In other news, Elementary Rolling Remix went live this morning: one seed story, passed to another for remixing, which is then passed to another for remixing, and so on, like a brownstone-centric game of Telephone. I contributed, of course, and so did [personal profile] grrlpup. (She almost never participates in exchanges!) Guessing post is here, for those who want to try their hands at guessing creators or reconstructing the chain.

A Word to the Wise

Jan. 13th, 2017 07:30 am
[syndicated profile] kirkus_kidlit_feed
If I were an educator who taught poetry, I’d be pleased with the wide array of contemporary poetry selections out there today. From picture books, to illustrated middle-grade books, to free verse YA novels, to a few other options in between, there are talented poets in the field who are consistently innovating, working with publishers willing to try new things. To be sure, poetry may not always get as much attention as, say, fiction or graphic novels. But if you are paying attention, you can find treasures.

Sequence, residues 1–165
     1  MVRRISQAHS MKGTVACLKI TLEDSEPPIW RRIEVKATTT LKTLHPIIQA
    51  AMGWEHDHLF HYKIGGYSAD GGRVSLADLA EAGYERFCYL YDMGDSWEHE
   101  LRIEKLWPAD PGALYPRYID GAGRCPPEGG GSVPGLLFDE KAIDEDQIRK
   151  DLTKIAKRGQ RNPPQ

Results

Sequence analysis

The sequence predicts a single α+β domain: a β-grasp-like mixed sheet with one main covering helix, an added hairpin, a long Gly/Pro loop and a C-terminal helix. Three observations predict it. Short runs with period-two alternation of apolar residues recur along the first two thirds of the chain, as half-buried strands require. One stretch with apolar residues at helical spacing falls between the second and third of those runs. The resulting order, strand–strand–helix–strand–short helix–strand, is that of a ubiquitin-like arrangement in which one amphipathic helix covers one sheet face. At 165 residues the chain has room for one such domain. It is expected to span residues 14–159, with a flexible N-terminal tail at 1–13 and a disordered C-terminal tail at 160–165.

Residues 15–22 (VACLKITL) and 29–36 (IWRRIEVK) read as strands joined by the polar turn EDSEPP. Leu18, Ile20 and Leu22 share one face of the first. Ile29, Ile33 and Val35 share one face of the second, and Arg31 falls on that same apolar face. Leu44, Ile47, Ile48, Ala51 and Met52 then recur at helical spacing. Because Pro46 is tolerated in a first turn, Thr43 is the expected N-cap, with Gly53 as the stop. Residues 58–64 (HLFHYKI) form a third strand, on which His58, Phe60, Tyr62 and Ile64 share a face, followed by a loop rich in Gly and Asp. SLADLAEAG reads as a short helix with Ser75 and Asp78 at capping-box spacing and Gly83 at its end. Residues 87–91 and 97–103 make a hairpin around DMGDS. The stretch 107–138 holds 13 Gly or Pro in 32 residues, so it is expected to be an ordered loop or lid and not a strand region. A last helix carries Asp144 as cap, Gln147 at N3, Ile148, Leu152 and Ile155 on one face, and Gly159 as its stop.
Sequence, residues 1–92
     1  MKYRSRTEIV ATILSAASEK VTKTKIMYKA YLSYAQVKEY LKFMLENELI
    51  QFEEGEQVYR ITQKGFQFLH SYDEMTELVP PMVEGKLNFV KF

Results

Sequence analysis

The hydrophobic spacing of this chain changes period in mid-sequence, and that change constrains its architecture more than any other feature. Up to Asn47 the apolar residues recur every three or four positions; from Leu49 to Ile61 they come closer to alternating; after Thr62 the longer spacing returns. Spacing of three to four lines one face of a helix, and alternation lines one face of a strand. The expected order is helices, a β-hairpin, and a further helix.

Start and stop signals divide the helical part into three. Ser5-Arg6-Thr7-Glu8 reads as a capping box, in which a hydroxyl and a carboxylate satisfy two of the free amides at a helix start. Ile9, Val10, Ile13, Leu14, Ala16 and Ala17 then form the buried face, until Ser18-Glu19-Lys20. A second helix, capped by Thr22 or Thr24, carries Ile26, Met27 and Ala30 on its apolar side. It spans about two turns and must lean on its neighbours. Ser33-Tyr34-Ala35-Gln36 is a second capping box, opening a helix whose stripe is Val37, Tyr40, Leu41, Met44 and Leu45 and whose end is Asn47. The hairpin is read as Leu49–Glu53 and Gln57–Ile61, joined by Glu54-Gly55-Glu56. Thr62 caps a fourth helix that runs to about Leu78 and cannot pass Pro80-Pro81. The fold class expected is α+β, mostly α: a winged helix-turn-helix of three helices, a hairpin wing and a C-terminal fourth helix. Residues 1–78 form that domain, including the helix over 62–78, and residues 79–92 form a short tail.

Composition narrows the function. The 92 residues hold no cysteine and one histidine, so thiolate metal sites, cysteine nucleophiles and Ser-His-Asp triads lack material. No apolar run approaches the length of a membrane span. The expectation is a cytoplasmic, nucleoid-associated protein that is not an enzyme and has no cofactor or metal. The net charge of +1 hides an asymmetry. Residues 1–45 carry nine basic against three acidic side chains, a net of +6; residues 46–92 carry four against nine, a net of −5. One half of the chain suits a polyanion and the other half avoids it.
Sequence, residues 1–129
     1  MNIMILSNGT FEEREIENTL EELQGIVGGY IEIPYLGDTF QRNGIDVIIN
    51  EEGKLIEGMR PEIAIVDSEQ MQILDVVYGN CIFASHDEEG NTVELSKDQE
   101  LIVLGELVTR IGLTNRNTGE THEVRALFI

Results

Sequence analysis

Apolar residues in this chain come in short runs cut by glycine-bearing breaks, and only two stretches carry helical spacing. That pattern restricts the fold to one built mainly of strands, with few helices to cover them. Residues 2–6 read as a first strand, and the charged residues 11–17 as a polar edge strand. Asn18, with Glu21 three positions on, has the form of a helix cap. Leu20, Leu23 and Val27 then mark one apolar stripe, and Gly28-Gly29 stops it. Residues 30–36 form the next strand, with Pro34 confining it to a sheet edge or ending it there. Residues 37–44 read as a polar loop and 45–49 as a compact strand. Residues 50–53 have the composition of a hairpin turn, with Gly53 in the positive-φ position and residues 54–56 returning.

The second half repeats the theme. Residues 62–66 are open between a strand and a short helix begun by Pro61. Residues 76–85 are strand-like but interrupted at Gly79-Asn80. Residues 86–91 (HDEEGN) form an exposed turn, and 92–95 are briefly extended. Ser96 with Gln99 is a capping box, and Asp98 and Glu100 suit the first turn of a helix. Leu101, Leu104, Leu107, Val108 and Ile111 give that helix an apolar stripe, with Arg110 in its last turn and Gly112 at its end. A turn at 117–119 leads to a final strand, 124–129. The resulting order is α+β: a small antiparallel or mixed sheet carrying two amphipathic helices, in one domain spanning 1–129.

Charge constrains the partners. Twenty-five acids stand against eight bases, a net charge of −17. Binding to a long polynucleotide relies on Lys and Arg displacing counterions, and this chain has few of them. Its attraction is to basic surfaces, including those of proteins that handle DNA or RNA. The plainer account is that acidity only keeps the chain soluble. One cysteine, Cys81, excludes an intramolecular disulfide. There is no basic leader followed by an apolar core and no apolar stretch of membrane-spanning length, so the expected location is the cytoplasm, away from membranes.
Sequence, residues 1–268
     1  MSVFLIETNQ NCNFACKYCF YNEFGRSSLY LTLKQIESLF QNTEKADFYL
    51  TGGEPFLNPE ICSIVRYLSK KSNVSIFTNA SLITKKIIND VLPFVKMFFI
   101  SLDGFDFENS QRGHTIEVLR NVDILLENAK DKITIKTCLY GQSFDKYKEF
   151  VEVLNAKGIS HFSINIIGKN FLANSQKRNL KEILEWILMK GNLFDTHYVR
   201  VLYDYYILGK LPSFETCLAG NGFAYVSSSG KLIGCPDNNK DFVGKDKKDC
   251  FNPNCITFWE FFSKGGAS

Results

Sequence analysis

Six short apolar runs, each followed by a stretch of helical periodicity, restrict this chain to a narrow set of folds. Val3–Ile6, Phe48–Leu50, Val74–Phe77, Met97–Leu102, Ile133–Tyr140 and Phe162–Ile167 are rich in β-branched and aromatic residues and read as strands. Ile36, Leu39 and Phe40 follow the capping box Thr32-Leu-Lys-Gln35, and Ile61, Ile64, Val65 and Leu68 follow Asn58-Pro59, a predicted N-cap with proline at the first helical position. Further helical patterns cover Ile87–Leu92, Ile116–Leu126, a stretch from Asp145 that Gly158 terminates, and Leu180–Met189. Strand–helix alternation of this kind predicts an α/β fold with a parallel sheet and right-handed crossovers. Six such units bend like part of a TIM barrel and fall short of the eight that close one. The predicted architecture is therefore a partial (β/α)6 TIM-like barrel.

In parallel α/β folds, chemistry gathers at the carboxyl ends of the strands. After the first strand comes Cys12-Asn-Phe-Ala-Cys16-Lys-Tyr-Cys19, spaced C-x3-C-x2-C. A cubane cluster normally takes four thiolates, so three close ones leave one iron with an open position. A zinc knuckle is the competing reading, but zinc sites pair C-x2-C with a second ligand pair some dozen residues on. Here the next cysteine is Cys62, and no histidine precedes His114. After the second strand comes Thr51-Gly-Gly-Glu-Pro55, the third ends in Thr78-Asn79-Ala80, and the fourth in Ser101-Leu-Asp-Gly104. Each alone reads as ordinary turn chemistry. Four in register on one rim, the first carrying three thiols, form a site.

sanguinity: woodcut by M.C. Escher, "Snakes" (Default)
[personal profile] sanguinity
This last round of [livejournal.com profile] holmestice wrapped a while ago, but I am still catching up.

First off, my lovely ST:TNG!Moriarty gift was made by [personal profile] graycardinal, thank you kindly!

As for my own contributions, I began the round writing a fic for my recipient, [livejournal.com profile] phoenixfalls, but then the election happened, my brain became a good deal less stable overnight, and my ability to produce new words... stopped. And yet I kept slogging at the story, hoping it'd all come together somehow. (I have about 10K of trunked words for that story, sigh. Maybe someday?) With deadlines looming, I finally decided to stop beating my head on it and instead gave myself a crash-course in podficcing.